The African music event of the season isn’t just a treat for American audiences. For the musicians involved in the Acoustic Africa tour, it’s a welcome and all-too-rare opportunity to immerse themselves in the sounds and rhythms of fellow artists from very different traditions.
Featuring pan-Malian guitar star Habib Koité, Zimbabwean legend Oliver Mtukudzi, and Mali’s Afel Bocoum, a protégé of the late guitar master Ali Farka Toure, Acoustic Africa concludes a spate of Northern California dates on Friday, March 25, at the Paramount Theatre. The collaboration extends off the bandstand. These three formidable guitarists (four actually, as Bocoum’s contingent includes the esteemed Malian guitarist Mamadou Kelly), all of whom are now in their fifties, spend a lot of their time together exchanging information.
“Africa is a big continent and we don’t know each other,” Koite said. “For me, Acoustic Africa is a chance to meet and discover and learn some more. We’re together in the dressing room, the tour bus — all the time we try to learn from each other. That’s why I can say, ‘Oliver, how do you do this kind of thing?’ When he plays guitar, I watch his fingers, and he does the same for me.”
Launched in 2006 by the world music label Putumayo in conjunction with a compilation album of the same name, Acoustic Africa has featured a revolving triple bill over a series of wide-ranging dates across Europe and North America. Koite is the only holdover from previous tours.
Rather than featuring three combos, the slimmed-down package includes two musicians from each bandleader’s group, and various combinations of players from song to song. Each leader gets several solo features, but there are also fascinating combinations — for instance, Mtukudzi and Koite teaming up accompanied by the West African calabash, a percussionist instrument made from a large gourd, and the Shona mbira, the thumb piano that plays a central role in much Zimbabwean music.
“When I was told I was going to do a collaboration with Malian groups, I thought they would play the same thing,” Mtukudzi said.”But Mali is a huge country with a lot of different styles. Afel comes from the desert in the north, and Habib comes from the greener side in the west, so it’s like they’re from different countries. Still, we have a song that we argue about. They say it’s Malian. I say, no it’s Zimbabwean!”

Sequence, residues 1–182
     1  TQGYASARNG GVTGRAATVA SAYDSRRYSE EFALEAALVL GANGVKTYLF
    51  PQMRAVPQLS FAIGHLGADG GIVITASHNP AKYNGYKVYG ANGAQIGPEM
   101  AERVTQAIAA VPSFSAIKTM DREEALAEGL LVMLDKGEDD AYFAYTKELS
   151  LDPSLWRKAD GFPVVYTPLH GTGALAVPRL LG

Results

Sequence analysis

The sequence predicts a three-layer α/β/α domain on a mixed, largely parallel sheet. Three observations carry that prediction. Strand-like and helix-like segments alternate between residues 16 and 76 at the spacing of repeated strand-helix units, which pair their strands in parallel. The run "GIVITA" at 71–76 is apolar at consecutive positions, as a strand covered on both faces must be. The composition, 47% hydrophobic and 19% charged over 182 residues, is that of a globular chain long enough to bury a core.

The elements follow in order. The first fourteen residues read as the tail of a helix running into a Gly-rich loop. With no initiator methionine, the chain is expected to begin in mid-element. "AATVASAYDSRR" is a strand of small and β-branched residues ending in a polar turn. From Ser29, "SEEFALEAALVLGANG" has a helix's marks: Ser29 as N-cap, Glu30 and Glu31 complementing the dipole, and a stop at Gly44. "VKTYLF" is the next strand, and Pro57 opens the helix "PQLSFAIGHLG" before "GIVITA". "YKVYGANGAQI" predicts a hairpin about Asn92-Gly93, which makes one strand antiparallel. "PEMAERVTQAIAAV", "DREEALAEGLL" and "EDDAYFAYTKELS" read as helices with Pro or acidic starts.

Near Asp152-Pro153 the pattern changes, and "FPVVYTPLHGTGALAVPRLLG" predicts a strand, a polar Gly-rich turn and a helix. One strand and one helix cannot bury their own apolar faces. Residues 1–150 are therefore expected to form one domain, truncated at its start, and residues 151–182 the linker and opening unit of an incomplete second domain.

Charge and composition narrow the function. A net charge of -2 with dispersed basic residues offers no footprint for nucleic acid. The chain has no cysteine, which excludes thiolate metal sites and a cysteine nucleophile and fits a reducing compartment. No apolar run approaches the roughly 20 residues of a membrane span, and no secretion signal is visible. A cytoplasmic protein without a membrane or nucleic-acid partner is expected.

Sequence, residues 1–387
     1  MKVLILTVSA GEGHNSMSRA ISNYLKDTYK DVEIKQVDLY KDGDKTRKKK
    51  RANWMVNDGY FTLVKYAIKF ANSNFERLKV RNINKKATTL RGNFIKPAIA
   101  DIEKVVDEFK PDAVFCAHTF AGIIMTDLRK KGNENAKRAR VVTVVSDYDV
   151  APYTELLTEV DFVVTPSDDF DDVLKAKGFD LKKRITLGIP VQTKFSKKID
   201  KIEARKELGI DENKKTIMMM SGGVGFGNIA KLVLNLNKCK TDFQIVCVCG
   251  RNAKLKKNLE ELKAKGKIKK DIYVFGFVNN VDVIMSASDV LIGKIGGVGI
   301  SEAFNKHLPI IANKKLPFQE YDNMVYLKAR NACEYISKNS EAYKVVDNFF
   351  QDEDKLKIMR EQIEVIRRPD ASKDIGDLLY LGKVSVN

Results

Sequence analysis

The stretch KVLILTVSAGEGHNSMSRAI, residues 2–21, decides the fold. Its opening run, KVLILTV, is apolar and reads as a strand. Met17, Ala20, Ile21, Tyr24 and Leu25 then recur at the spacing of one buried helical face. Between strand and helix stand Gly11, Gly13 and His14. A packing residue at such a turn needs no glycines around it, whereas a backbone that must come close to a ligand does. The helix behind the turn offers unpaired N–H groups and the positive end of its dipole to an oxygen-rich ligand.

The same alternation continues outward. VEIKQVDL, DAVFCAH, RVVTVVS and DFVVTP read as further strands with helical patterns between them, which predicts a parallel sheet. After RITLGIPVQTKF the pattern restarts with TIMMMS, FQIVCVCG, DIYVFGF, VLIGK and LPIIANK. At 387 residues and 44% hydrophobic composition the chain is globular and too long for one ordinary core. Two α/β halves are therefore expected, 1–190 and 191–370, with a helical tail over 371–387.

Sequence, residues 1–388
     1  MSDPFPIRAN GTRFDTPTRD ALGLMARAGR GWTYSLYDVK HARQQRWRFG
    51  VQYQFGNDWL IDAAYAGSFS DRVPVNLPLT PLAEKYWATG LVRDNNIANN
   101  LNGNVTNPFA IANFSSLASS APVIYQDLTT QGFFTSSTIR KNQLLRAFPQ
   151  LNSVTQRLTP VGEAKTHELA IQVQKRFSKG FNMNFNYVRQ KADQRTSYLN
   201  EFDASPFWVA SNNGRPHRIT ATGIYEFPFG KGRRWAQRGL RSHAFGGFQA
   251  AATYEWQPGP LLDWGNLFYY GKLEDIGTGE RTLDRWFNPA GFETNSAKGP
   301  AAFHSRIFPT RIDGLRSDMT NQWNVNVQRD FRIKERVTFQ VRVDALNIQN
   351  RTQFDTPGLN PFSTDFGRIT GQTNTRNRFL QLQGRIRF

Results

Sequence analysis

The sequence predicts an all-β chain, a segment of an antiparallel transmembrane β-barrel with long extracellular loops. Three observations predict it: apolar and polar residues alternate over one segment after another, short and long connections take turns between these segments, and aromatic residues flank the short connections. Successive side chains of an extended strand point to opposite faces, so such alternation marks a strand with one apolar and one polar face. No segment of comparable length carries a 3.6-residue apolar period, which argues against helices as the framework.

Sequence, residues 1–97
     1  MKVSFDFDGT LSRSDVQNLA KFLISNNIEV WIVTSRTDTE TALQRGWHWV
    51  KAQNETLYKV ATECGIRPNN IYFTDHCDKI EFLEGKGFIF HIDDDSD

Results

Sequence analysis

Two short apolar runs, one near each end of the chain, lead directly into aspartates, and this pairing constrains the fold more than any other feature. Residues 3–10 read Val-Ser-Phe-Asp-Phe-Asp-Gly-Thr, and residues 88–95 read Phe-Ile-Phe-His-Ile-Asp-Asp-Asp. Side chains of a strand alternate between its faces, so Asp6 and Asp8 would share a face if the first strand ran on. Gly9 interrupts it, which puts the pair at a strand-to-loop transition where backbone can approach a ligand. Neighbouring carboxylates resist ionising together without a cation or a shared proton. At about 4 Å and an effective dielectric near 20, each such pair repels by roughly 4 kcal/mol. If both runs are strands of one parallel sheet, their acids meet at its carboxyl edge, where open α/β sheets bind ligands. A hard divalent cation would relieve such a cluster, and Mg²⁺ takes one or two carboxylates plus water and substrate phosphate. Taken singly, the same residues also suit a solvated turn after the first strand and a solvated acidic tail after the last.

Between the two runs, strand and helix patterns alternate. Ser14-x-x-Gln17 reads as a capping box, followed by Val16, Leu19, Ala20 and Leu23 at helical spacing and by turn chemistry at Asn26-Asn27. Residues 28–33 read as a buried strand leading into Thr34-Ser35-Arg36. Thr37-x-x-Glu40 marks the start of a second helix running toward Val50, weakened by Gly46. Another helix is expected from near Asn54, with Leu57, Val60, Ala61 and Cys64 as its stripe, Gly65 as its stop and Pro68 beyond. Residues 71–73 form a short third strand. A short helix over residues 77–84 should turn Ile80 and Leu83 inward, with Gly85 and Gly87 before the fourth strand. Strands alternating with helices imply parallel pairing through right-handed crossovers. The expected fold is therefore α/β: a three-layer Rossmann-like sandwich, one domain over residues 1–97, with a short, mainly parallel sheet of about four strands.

Mtukudzi is well recognized in the US, mostly thanks to Bonnie Raitt — who began championing his music in the mid-1990s — and British producer Steve Dyer, who turned Mtukudzi’s 1998 album Tuku Music into an international hit. Likewise, Koite enjoys a fair amount of worldwide name recognition. In comparison, Bocoum is relatively unknown. A master of the lean, sinewy desert blues made famous by Ali Farka Touré, he sings mainly in Sonrai, the language of his father, but also in Bambara and the Tuareg tongue, Tamashek. He joined Farka Toure’s band in 1968 at the age of thirteen and stayed for 10 years, when he left to launch his own band, Alkibar (Sonrai for “messenger of the great river”). Marked by medium tempo incantatory lines, his music evokes the vast expanse of the Sahara.
“In the north we have many influences from Arab and Berber music mixed with black African music,” Koite says. “The Tuareg and Sonrai make really special music. Afel blends his guitar with the njarka, a small one-string fiddle. It’s something really deep.”
All three leaders avoid direct involvement in politics, but they work to address social issues on and off the bandstand. Koite hasn’t released an album since 2007’s Afriki (Cumbancha) because he spends much of his time on the road performing or working as a UNICEF ambassador. Mtukudzi, who helped rally the newly independent Zimbabwe in 1980, has watched his country disintegrate over the past decade as President Robert Mugabe clings to power by brutalizing political opponents. Though the ruling party has tried to compromise him, Mtukudzi is confident that he retains the trust of the people.
And his musical philosophy is pretty noncombative. “My music is one of the very few things that Zimbabweans share equally, no matter where you come from, what color you are, what tastes you have, or what party you support,” Mtukudzi said. “The aim of my music is to try to unite everyone.”